Is Barnes & Noble Getting out of the Hardware Business ? – Puts the Nook HD, Nook HD+ On Clearance

nookshd[1]I have a press release from B&N sitting in front of me. They're extending the Father's Day sale on the Nook HD and Nook HD+ that they have been running for the past week, and they'll be keeping the prices the same indefinitely.For a "limited time" you will be able to get the 7" Nook HD for $130 and 9" Nook HD+ for $150, killer prices that are far below the price of their immediate competition, the Kindle Fire HD Android tablets from Amazon.

The prices are good at Nook.com as well as at B&N's remaining retail partners:

Just to put things in perspective, the Nook HD is priced at 35% less than regular retail, while the Nook HD+ is priced at 40% off regular retail.

Given that this is the second sale in less than a month, and given that the sale prices are costing B&N a lot of money with each unit sold, I would suggest that we are looking at a clearance sale in all but name.

B&N is getting out of the hardware business. Extending this sale is just another way to clear out hardware as expeditiously as possible (with the added benefit of not having to call it a clearance sale).

It's a shame that B&N is giving up on these tablets; they're pretty nice devices. The Nook HD is a 7" tablet with a 1440x900 resolution screen (the highest of any 7" tablets). It's running a proprietary version of Android on a 1.3 GHz dual-core CPU, and it ships with  8GB or more of Flash storage.. The Nook HD+ is a 9" tablet with a 1920x1280 resolution screen. It too is running Nook Media's own proprietary version of Android on a 1.5 GHz dual-core CPU, and it ships with  16GB or more of Flash storage.

nookshd[1]

Both tablets have Bluetooth and a microSD card slots, but neither tablet has a camera. That put them at a disadvantage once they gained Google Play in an update just over a month ago and entered the general tablet market. Most $199 Android tablets released last year have at least one camera, and the new Nexus 7 is expected to have a pair of cameras.

I can't help but wonder if B&N looked at the specs on the tablets coming out in the next few months and realized just how under-equipped the Nook HD really is. They may have wanted to get the hardware out the door now, and were willing to take a painful sting in the pocketbook to do so. That fits with the clearance sale that B&N's retail partners had for the Nook Touch last month, and it tends to support the buyout rumor that has been circulating.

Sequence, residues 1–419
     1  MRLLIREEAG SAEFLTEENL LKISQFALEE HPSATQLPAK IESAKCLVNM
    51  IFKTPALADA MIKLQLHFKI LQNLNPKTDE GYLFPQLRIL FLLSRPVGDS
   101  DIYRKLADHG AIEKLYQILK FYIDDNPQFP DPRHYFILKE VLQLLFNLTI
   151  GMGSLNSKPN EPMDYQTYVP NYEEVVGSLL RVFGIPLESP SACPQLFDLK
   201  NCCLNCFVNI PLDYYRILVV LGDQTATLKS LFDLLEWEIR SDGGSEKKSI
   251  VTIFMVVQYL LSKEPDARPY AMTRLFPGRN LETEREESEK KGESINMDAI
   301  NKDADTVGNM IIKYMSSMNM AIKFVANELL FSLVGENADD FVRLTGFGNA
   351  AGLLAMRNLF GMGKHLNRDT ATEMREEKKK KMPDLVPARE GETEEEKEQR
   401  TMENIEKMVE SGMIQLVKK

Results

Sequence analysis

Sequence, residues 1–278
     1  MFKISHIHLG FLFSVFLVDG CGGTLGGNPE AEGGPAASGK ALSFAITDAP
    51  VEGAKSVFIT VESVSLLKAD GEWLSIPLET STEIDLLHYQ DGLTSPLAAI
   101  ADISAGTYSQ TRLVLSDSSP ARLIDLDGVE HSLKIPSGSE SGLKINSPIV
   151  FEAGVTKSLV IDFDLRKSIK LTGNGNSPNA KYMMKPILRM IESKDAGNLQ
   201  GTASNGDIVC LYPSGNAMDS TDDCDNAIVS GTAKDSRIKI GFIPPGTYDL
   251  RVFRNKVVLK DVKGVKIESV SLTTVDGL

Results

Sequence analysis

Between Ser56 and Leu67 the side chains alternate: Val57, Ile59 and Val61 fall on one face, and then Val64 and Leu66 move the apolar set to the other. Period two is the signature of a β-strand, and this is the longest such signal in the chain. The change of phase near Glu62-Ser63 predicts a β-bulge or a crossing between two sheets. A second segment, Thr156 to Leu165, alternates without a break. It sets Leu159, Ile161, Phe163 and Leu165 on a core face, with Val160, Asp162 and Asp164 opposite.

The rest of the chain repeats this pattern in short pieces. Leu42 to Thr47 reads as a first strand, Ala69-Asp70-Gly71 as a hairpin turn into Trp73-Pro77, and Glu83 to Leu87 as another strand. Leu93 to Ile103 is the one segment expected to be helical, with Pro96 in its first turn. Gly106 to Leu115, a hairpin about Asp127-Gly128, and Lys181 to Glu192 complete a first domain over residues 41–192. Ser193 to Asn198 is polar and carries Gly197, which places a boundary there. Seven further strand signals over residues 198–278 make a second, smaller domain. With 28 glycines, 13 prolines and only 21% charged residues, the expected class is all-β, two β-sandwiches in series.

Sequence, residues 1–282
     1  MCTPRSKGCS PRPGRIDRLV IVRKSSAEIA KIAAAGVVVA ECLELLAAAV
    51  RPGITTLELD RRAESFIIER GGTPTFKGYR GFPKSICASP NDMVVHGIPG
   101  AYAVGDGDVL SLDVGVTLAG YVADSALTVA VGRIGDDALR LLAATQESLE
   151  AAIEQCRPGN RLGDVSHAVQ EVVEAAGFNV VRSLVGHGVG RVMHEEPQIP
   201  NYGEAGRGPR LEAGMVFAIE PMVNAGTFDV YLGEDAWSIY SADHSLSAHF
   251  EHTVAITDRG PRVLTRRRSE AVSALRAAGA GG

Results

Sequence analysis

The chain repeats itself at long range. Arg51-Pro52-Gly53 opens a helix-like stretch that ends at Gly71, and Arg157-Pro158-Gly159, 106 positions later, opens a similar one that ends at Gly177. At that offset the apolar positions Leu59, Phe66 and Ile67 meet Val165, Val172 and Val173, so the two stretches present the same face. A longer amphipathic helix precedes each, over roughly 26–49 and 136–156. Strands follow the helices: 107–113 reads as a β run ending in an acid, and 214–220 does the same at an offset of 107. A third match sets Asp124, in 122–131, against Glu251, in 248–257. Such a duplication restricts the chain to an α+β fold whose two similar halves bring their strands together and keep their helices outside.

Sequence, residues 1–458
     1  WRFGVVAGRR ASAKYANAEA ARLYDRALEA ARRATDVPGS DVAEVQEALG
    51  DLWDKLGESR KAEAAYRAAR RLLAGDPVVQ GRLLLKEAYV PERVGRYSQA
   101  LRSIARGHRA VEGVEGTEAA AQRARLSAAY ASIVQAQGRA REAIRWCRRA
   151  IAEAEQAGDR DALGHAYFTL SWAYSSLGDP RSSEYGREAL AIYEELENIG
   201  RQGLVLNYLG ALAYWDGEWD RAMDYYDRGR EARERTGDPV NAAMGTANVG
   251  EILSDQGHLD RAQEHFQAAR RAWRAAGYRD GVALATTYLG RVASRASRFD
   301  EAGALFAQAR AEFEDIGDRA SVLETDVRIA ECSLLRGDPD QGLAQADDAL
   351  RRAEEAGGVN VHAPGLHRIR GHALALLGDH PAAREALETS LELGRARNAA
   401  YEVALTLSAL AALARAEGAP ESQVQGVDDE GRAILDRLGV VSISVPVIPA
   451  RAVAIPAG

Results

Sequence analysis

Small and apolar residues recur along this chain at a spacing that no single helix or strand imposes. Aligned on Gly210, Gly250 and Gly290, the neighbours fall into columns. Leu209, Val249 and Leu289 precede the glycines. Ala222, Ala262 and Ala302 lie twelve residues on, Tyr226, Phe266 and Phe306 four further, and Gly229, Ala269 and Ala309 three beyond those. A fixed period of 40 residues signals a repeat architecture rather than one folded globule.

In early May 2013 Techcrunch reported that Microsoft was going to make a billion dollar offer on Nook Media. Microsoft has unofficially denied the buyout rumor but the denial comes across as less credible than the original rumor.

As it stands, B&N is cutting back on software development and clearing out hardware (including an ongoing sale on the Nook Touch and Nook Glow in the UK). If they're not entertaining a buyout offer then they are planning to simply shut down the Nook platform.

I'm betting that it is one or the other, folks, and I'm really hoping for a buyout offer. A shutdown would hand the ebook market over to Amazon, while a buyout would at least prolong the struggle a little while longer.

P.S. If anyone at B&N, Nook Media, or Kobo wants to leak details about the Rakuten offer, you know where to find me.

About Nate Hoffelder (11594 Articles)
Nate Hoffelder is the founder and editor of The Digital Reader:"I've been into reading ebooks since forever, but I only got my first ereader in July 2007. Everything quickly spiraled out of control from there. Before I started this blog in January 2010 I covered ebooks, ebook readers, and digital publishing for about 2 years as a part of MobileRead Forums. It's a great community, and being a member is a joy. But I thought I could make something out of how I covered the news for MobileRead, so I started this blog."

37 Comments on Is Barnes & Noble Getting out of the Hardware Business ? – Puts the Nook HD, Nook HD+ On Clearance

  1. Thank you for the post, but might I suggest a better division between the official press release and your conjecture?

    The content of the press release (which would be good to actually cite) is limited to the extension of the sale. While one couldn’t be faulted for coming to the same conclusions you do, it mentions nothing of leaving the hardware business.

  2. Rakuten offer?
    Okay, that is just mean.

    There is a whiff out there of Rakuten bidding for Nook?
    It would be a pricy way to buy customer access, especially since nothing stops Nook owners from buying from Kobo now. Unless they lowballed them…?

    Yeah, it’s mean…

    • I expected the MS deal to have been closed by now. Since it hasn’t been announced I have switched to my second choice.

      • Maybe the MS deal is contingent on getting rid of the very last android device before the deal closes? 😉
        Or maybe it’s Google doing the buying and they have to get rid of all PC, MAC, and iOS support before it closes.
        Or maybe, nobody wants Nook and they’ll just stop spending on t and let it coast…
        Choices, choices… which on to bet on.
        My money is on Google.

        I expect Microsoft is waiting to see if Judge Cote tells Apple to divest iBooks before sending good money after bad. 😀

  3. Its a pity in someways but if no one is buying the tablets, then this is the only way to go forward. I quite like the Nook HD I have, although I was thinking of replacing it with a iPad mini because an iPad is easier to hold in the hand due to its square shape and I want to consolidate all my books into one platform.